Over the next 12 months, Gyimah says the U.K. will take further steps to enable spaceflight from the U.K., and he hopes to see a new Industrial Strategy space sector deal that will build on the U.K.’s global leadership, and create a hub in the U.K. for new commercial space services. It is also pleasing to hear that despite living in a more fractious political period, space still seems to have the ability to cross political divides and unite people. “Space unites everyone, regardless of political party. The enthusiasm felt across parliament for our world-beating space industry is tremendous, and we are all incredibly aware of the numerous benefits investment in space can bring to life on Earth.”
Is the Price Right for Young People in the UK?
One of the big issues in the U.K. politically is the cost of higher education, which is likely to be a key battleground when there is the next general election in the U.K. Many perceive the cost of higher education to be too expensive now with students having the possibility of going tens of thousands of pounds into debt before they even take their first job. I ask Gyimah whether the high cost of university education is likely to stop young people doing degrees and joining the space industry. “Not only is our space industry one of the best in the world, so too are our universities,” he says. “We boast some of the best in the world for space science, from the University of Leicester to the Mullard Space Science laboratory at University College London, our reputation for excellence is justified. We’ve continued to help students access the courses that they want through tuition fee loans which cover their fees, and by freezing the maximum tuition fees universities can charge for the second year running. In addition to this, students don’t start paying back their loan until they are earning $31,800 (25,000 euros).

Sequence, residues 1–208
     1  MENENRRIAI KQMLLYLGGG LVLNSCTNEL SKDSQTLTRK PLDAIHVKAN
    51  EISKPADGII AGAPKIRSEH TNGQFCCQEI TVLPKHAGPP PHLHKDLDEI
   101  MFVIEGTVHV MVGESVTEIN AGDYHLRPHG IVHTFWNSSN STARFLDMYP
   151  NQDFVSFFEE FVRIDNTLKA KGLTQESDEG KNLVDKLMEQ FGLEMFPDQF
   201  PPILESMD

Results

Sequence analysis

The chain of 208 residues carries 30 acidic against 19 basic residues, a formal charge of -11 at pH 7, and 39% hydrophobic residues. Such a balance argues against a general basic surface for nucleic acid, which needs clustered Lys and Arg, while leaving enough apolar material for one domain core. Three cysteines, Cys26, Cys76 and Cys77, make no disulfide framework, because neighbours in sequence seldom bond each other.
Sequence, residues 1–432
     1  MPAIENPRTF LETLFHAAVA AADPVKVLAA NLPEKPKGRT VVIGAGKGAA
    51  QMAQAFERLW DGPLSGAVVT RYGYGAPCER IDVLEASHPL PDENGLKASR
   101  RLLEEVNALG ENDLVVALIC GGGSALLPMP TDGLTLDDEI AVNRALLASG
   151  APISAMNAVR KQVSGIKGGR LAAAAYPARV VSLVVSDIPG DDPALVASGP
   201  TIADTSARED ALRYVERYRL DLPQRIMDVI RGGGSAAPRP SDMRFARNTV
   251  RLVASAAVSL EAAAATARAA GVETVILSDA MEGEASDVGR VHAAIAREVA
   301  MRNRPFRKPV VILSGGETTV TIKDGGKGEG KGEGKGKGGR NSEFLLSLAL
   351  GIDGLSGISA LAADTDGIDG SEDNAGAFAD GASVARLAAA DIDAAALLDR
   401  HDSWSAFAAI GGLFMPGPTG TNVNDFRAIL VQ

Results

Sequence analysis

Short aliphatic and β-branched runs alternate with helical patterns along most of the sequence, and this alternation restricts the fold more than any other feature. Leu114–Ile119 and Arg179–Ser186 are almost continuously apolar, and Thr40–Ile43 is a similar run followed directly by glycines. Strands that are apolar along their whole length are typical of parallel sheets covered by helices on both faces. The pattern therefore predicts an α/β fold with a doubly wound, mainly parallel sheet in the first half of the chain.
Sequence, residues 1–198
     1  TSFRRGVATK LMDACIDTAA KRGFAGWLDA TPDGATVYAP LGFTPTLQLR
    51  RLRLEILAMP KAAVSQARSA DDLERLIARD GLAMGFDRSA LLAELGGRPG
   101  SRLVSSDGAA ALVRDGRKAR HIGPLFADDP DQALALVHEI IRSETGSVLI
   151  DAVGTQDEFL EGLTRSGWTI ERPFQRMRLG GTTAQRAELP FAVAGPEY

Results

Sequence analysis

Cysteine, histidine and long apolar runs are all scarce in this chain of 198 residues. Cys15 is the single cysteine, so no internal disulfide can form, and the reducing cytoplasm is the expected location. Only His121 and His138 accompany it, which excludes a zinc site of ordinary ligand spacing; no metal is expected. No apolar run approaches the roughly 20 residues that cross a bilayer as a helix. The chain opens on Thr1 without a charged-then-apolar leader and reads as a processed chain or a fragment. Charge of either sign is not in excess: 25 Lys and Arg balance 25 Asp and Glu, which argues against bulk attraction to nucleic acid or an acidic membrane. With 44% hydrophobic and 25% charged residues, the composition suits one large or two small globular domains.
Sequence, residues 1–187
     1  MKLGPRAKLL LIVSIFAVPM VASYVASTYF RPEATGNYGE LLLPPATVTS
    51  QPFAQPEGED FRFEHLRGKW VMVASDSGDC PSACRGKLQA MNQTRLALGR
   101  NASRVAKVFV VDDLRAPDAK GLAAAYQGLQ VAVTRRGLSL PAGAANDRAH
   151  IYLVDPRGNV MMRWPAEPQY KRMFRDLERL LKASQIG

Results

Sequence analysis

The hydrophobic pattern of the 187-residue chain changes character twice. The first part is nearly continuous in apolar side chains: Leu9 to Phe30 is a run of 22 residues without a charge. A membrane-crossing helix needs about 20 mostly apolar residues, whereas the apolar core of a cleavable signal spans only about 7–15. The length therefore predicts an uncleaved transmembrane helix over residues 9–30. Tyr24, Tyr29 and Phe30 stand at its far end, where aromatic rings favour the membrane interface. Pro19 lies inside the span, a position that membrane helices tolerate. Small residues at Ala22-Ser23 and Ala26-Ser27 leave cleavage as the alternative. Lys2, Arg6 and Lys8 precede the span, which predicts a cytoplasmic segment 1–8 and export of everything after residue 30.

Gyimah admits the space sector is changing globally, and the U.K. is working hard to stay at the forefront of these changes. “Whilst we are getting better and better, so are many other countries around the world. International competition is increasing, and we must not be complacent. It’s vital that we continue to work in partnership — government, industry, and academia — to build on our strengths through our modern Industrial Strategy and address issues early on,” he adds. VS